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1 Lambda Calculus CS 152 (Spring 2020) Harvard University Thursday, February 20, 2020
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### Transcript of Lambda Calculus - CS 152 (Spring 2020)€¦ · Lambda Calculus CS 152 (Spring 2020) Harvard...

• 1

Lambda CalculusCS 152 (Spring 2020)

Harvard University

Thursday, February 20, 2020

• 2

I Lambda calculus

I Full β-reduction

I Call-by-value semantics

I Call-by-name semantics

• 3

Lambda calculus: Intuition

A function is a rule for determining a value from anargument. Some examples of functions inmathematics are

f (x) = x3

g(y) = y 3 − 2y 2 + 5y − 6.

• 4

Pure vs Applied Lambda Calculus

I The pure λ-calculus contains just functiondefinitions (called abstractions), variables, andfunction applications.

I If we add additional data types and operations(such as integers and addition), we have anapplied λ-calculus.

• 5

Pure Lambda Calculus: Syntax

e ::= x variable

| λx . e abstraction| e1 e2 application

• 6

Abstractions

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Abstractions

I An abstraction λx . e is a function

I Variable x is the argument

I Expression e is the body of the function.

I The expression λy . y × y is a function thattakes an argument y and returns square of y .

• 8

Applications

I An application e1 e2 requires that e1 is (orevaluates to) a function, and then applies thefunction to the expression e2.

I For example, (λy . y × y) 5 is 25

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Examples

λx . x a lambda abstraction called the identity function

λx . (f (g x))) another abstraction

(λx . x) 42 an application

λy . λx . x an abstraction, ignores its argument

and returns the identity function

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Lambda expressions extend as far to theright as possible

λx . x λy . y is the same as λx . (x (λy . y)), and isnot the same as (λx . x) (λy . y).

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Application is left-associative

e1 e2 e3 is the same as (e1 e2) e3.

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Use parentheses!

In general, use parentheses to make the parsing of alambda expression clear if you are in doubt.

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Variable binding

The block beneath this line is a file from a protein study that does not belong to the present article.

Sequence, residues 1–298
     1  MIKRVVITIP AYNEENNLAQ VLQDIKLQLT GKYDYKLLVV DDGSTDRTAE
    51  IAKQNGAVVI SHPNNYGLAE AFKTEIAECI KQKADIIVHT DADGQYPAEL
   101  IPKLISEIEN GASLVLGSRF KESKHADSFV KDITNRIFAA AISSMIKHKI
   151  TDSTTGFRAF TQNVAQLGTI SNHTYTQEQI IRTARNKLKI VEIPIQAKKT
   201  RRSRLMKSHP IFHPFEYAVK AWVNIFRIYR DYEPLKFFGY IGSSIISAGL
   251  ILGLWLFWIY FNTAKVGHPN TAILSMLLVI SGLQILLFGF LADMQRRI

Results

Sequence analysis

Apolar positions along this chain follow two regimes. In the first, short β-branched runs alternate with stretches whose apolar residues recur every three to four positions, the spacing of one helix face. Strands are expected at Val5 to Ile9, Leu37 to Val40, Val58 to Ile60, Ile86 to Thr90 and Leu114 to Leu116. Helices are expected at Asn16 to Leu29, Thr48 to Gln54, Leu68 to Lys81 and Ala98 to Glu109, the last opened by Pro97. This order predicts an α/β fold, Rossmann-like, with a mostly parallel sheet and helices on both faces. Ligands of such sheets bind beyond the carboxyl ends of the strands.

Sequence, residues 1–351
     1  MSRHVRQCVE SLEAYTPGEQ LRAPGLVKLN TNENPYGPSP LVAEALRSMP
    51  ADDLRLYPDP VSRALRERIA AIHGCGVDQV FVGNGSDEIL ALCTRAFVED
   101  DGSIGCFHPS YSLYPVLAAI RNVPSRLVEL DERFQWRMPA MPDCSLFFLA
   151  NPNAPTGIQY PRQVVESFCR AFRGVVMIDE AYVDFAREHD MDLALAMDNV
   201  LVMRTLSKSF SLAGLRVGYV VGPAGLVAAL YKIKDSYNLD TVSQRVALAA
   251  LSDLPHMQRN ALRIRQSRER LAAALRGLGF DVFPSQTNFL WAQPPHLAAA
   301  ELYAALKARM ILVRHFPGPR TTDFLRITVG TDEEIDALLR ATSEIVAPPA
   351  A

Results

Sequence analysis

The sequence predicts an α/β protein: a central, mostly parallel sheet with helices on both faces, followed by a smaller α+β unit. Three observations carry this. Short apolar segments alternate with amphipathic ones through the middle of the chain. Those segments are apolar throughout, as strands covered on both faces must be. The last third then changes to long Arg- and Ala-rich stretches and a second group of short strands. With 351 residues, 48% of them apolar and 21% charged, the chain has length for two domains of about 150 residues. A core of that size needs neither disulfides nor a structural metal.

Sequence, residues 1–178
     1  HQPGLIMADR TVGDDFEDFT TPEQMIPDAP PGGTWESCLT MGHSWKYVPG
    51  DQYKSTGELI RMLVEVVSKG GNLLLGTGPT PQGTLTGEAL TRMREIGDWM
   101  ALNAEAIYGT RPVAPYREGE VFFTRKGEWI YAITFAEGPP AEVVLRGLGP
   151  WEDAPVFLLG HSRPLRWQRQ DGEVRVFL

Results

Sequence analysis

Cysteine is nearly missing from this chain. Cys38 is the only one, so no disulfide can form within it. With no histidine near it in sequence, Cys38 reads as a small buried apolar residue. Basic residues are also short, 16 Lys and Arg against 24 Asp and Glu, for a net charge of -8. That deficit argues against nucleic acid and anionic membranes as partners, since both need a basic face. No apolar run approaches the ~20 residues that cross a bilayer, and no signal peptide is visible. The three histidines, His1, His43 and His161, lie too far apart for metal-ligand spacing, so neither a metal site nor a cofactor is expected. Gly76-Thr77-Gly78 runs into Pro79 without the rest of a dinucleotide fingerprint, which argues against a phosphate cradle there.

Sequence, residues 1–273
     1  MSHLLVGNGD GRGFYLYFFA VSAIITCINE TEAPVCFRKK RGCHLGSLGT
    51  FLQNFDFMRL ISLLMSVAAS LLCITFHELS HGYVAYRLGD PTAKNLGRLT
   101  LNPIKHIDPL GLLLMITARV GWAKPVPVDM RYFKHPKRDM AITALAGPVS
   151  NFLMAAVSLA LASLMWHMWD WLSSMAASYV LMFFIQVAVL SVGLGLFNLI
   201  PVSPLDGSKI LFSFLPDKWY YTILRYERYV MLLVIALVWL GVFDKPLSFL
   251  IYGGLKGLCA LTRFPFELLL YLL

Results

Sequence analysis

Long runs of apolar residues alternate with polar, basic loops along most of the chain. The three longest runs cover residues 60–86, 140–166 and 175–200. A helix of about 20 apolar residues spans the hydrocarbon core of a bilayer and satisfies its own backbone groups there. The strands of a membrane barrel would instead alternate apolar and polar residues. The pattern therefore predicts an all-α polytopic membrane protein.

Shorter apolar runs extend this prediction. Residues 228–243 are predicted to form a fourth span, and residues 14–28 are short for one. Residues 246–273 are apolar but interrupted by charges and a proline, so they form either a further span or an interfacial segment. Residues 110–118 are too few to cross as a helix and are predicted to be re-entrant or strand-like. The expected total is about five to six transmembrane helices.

I An occurrence of a variable x in a term isbound if there is an enclosing λx . e; otherwise,it is free.

I A closed term is one in which all identifiers arebound.

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Variable binding: λx . (x (λy . y a) x) y

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Variable binding: λx . (x (λy . y a) x) y

I Both occurrences of x are bound

I The first occurrence of y is bound

I The a is free

I The last y is also free, since it is outside thescope of the λy .

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Binding operator

The symbol λ is a binding operator: variable x isbound in e in the expression λx . e.

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α-equivalence

I λx . x is the same function as λy . y .

I Expressions e1 and e2 that differ only in thename of bound variables are called α-equivalent(“alpha equivalent”)

I Sometimes written e1 =α e2.

• 18

Higher-order functions

I In lambda calculus, functions are values.

I In the pure lambda calculus, every value is afunction, and every result is a function!

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Higher-order functions

λf . f 42

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Higher-order functions

λv . λf . (f v)

Takes an argument v and returns a function thatapplies its own argument (a function) to v .

• 21

Semantics

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β-equivalence

I We would like to regard (λx . e1) e2 asequivalent to e1 where every (free) occurrenceof x is replaced with e2.

I E.g. we would like to regard (λy . y × y) 5 asequivalent to 5× 5.

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e1{e2/x}

I We write e1{e2/x} to mean expression e1 withall free occurrences of x replaced with e2.

I We call (λx . e1) e2 and e1{e2/x} β-equivalent.

I Rewriting (λx . e1) e2 into e1{e2/x} is called aβ-reduction.

I This corresponds to executing a lambdacalculus expression.

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Different semantics for the lambdacalculus

(λx . x + x) ((λy . y) 5)

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Different semantics for the lambdacalculus